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21 Jun 2022, 3:53AM UTC

La Nina floods make NSW ports too fresh for ships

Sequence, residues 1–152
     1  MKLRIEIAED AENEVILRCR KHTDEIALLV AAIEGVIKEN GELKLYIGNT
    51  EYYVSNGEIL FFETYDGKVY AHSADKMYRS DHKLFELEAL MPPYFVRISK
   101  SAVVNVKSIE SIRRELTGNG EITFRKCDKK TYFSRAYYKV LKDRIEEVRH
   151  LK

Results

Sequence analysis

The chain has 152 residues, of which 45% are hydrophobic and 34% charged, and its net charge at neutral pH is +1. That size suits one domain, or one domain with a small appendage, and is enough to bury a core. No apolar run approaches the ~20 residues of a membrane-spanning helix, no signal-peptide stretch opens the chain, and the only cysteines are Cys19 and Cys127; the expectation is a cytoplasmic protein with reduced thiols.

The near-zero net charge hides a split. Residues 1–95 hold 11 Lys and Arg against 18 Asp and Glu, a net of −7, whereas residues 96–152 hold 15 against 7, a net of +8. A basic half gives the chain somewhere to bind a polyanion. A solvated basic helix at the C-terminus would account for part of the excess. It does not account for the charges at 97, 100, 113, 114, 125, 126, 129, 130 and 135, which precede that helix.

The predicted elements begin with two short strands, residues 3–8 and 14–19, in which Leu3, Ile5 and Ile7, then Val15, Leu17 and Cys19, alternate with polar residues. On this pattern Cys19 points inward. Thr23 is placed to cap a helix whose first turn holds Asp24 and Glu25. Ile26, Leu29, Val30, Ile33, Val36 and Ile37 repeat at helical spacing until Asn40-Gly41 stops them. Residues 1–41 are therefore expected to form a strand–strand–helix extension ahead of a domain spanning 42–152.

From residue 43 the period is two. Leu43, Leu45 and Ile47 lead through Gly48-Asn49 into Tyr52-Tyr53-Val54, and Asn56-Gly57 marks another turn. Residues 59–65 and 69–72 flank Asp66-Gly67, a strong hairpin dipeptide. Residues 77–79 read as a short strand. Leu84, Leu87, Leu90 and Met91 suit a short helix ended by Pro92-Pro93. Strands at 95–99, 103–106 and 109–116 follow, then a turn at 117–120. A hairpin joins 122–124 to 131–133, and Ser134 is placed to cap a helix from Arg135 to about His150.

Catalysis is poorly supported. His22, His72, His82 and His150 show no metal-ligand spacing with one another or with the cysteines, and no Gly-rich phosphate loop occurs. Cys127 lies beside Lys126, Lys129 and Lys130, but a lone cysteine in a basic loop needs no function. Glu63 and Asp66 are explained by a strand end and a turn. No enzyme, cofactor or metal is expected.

La Niña has had a surprising impact on shipping operations in NSW this year, with increased freshwater outflows from flooded rivers affecting the behavior of ships entering some ports. Ships entering tidal ports in NSW are affected by local weather conditions, tides and waves, which can all affect a vessel’s ability to enter and operate safely within a port. One of the important things to consider when allowing larger vessels to enter NSW ports is the tide, which needs to be high enough to allow deep drafted vessels to enter, navigate and exit a port safely. This year, the window of time where water levels are high enough for ships to enter some NSW ports has been reduced by enhanced freshwater inflows from heavy rain and flooding. Image: Rainfall between January and May 2022 was in the top 10 percent of historical records for most of eastern NSW, with some areas receiving their highest rainfall on record for this period. Source: Bureau of Meteorology Freshwater is less dense than salt water, which allows ships to sit lower in the water. The prolific flooding seen in parts of eastern NSW earlier this year caused huge injections of freshwater into the coastal zone, which decreased salinity and affected shipping operations. According to Philip Perkins, Meteorologist and Sales Executive of Ports, Offshore and Safety at Weatherzone, "port users and operators at river-based terminals have been impacted by summer and autumn rainfall. “During high river flows water salinity is reduced. This means vessels can behave differently, resulting in elevated risk to vessels even at berth. Even when secured properly, berthed vessels can be impacted by passing traffic in the terminal.’’ In addition to the safety of ships, decreased salinity at river-based terminals can also reduce the window of time where larger vessels can enter these ports. In some cases, this may force ships to wait for the next high tide before entering or departing the port. Fortunately, river levels and discharge rates have now returned to more normal levels in eastern NSW. However, the ongoing influence of La Niña and a developing negative Indian Ocean Dipole increases the risk of more flooding in the months ahead. With the ground still holding a lot of water, any periods of heavy rain this winter and spring are likely to cause flooding, which may have immediate impacts on shipping operations.